In just the past two and a half weeks, the price of crude oil futures has risen from a low of $32.40 to a high of $50.50. That's a gain of 56%, yet crude is still down by two-thirds from its high of $147 last July. It's hard for me to believe that these wild swings are indicative of huge changes in the demand for, or the supply of, oil. Surely speculative activity and/or forced sales must account for some significant portion of the volatility.
We see the same pattern in a lot of commodities: after reaching significant highs last summer, prices subsequently plunged, but are now on the rebound. . .returning to some semblance of normality, having probably fallen to levels low enough to stimulate demand. Today, with demand firming and in the absence of relentless selling pressure, prices are rising.
This is good news on two fronts: one, it means that the plunge in demand that reverberated globally was more an "economic air pocket" than any genuine or lasting economic destruction. Consumers cut back on nonessential spending, and speculators were forced to sell positions to raise cash and pay off margin calls. It all happened in a relatively short period. Two, it means forces in the economy are beginning to improve. We've had massive price adjustments that have cleared markets, and now we can get back down to the business of working and making money.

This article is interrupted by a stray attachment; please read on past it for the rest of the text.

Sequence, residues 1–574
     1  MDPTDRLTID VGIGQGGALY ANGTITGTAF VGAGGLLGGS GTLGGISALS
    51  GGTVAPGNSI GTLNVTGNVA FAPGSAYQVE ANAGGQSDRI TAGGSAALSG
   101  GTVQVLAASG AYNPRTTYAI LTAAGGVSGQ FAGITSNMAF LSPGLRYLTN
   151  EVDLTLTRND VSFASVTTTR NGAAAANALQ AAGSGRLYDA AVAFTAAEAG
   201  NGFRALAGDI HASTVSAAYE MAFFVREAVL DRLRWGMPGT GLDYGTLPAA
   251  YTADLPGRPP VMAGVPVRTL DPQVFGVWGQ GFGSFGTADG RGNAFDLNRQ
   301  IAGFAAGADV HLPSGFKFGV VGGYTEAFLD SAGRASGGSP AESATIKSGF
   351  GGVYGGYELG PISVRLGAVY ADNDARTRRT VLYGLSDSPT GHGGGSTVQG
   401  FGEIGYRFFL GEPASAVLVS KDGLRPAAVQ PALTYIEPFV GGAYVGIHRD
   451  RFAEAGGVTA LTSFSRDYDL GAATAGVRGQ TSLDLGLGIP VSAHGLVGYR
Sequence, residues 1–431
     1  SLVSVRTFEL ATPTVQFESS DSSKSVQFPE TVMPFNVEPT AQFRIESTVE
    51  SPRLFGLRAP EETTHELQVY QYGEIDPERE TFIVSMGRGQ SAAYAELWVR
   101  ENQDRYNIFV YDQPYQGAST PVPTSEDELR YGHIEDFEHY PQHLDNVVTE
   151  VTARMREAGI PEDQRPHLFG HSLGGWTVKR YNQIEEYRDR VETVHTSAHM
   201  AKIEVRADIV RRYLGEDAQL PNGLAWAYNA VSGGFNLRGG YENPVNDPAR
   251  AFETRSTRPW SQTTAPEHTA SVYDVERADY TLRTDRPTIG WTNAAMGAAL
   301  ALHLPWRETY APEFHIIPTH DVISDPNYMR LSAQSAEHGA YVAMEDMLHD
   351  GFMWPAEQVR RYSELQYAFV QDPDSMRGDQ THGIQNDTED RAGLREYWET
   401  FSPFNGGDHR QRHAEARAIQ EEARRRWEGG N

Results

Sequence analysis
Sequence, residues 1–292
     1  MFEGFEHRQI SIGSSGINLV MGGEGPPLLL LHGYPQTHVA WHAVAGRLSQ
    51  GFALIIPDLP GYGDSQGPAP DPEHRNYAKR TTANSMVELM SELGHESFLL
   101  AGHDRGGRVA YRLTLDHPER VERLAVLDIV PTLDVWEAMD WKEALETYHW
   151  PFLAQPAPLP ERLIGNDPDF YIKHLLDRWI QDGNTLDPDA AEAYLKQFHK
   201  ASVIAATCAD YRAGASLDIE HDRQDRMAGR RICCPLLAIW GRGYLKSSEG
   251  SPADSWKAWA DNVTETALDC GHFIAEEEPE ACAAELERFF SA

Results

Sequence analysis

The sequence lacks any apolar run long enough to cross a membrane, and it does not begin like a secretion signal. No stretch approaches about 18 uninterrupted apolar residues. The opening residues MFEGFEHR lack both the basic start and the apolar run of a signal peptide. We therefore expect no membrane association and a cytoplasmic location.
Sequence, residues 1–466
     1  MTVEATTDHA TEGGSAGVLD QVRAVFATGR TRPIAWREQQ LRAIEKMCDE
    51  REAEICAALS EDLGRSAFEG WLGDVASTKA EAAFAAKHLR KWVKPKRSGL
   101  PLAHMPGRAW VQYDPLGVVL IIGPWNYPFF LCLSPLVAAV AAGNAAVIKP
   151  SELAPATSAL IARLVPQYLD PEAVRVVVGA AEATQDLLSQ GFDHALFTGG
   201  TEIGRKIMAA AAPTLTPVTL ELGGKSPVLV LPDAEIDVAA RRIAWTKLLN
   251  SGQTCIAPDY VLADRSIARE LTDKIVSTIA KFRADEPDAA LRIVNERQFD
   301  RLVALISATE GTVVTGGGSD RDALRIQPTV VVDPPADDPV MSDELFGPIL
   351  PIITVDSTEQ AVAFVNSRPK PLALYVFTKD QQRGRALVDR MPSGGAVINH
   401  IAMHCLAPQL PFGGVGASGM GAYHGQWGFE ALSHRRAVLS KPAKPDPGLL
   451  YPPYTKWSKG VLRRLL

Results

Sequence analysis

The economy is most likely doing better than the market fears, but we still have to see evidence of that improvement. That might take at least a few months. But in the meantime I'm encouraged, and I'm not buying into the bears' chant that the current rally is a sucker's rally.